It also is of concern that when you list what is known about ” factors known to increase a woman’s chance of developing breast cancer” you do not mention reproductive issues whatsoever, such as breast feeding being known to be protective, early-child birth as being protective, and nulliparity (having no children) as increasing risk, in spite of the fact that these are acknowledged by the NCI here: http://www.cancer.gov/about-cancer/causes-prevention/risk/hormones/reproductive-history-fact-sheet
Again, I would ask that you please respond to these issues directly, by having someone from your organization review the investigation that was done publicly in the documentary film HUSH. We would be happy to send a private link to view the film, or a DVD copy of the film to do so. Without watching the full film, you will not be able to address the very specific concerns of women worldwide.
Thank you very much for your time,
On Wed, Jul 13, 2016 at 2:31 PM, NCI Cancer.gov Staff wrote:
Dear Mr. Martin:
Your e-mail to National Institute of Health (NIH) Director Dr. Francis Collins informing him about your documentary film about studies that show a link between abortion and breast cancer has been forwarded to this office for response. We hope the following information is helpful.
The NCI, a component of the NIH, is the Nation’s principal agency for cancer research and is responsible for coordinating the National Cancer Program. NCI regularly reviews and analyzes the scientific literature on many topics, including various risk factors for breast cancer.
A woman’s hormone levels normally change throughout her life for a variety of reasons, and these hormonal changes can lead to changes in her breasts. Many such hormonal changes occur during pregnancy, changes that may influence a woman’s chances of developing breast cancer later in life. As a result, over several decades a considerable amount of research has been and continues to be conducted to determine whether having an induced abortion, or a miscarriage (also known as spontaneous abortion), influences a woman’s chances of developing breast cancer later in life.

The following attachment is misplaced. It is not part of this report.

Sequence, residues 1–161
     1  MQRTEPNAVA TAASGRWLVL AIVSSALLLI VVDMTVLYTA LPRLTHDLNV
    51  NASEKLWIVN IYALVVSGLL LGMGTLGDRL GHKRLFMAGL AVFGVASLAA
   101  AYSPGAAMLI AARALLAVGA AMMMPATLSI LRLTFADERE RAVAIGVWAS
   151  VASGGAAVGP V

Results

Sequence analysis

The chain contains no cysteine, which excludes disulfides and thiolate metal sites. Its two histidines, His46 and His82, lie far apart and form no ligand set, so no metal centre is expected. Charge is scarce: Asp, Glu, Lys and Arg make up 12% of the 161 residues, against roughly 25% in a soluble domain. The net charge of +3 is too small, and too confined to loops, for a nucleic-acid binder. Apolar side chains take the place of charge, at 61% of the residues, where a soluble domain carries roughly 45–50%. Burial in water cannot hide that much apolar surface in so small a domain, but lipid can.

You may be interested to know that in February 2003, the NCI convened a workshop of over 100 of the world’s leading experts who study pregnancy and breast cancer risk. Workshop participants reviewed existing population-based, clinical, and animal studies on the relationship between pregnancy and breast cancer risk, including studies of induced and spontaneous abortions. They concluded that having an abortion or miscarriage does not increase a woman’s subsequent risk of developing breast cancer. Gaps in research knowledge for each scientific area are identified, and recommendations for future research directions are provided. A summary of their findings can be found in the Summary Report: Early Reproductive Events and Breast Cancer Workshop.
The relationship between induced and spontaneous abortion and breast cancer risk has been the subject of extensive research beginning in the late 1950s. Until the mid-1990s, the evidence was inconsistent. Findings from some studies suggested there was no increase in risk of breast cancer among women who had had an abortion, while findings from other studies suggested there was an increased risk. Most of these studies, however, were flawed in a number of ways that can lead to unreliable results. Only a small number of women were included in many of these studies, and for most, the data were collected only after breast cancer had been diagnosed, and women’s histories of miscarriage and abortion were based on their self-report rather than on their medical records. Since then, better-designed studies have been conducted. These newer studies examined large numbers of women, collected data before breast cancer was found, and gathered medical history information from medical records rather than simply from self-reports, thereby generating more reliable findings. The evidence overall still does not support early termination of pregnancy as a cause of breast cancer. This information can be found in the NCI fact sheet “Abortion, Miscarriage, and Breast Cancer Risk” at http://www.cancer.gov/types/breast/abortion-miscarriage-risk.
At present, the factors known to increase a woman’s chance of developing breast cancer include older age, a personal history of breast cancer, a family history of breast cancer, inherited gene changes, dense breasts, exposure of breast tissue to estrogen made in the body, taking hormone therapy for symptoms of menopause, radiation therapy to the breast or chest, obesity, drinking alcohol, and being white. This information can be found in NCI’s “Breast Cancer Prevention (PDQ®)–Patient Version” at http://www.cancer.gov/types/breast/patient/breast-prevention-pdq#section/all.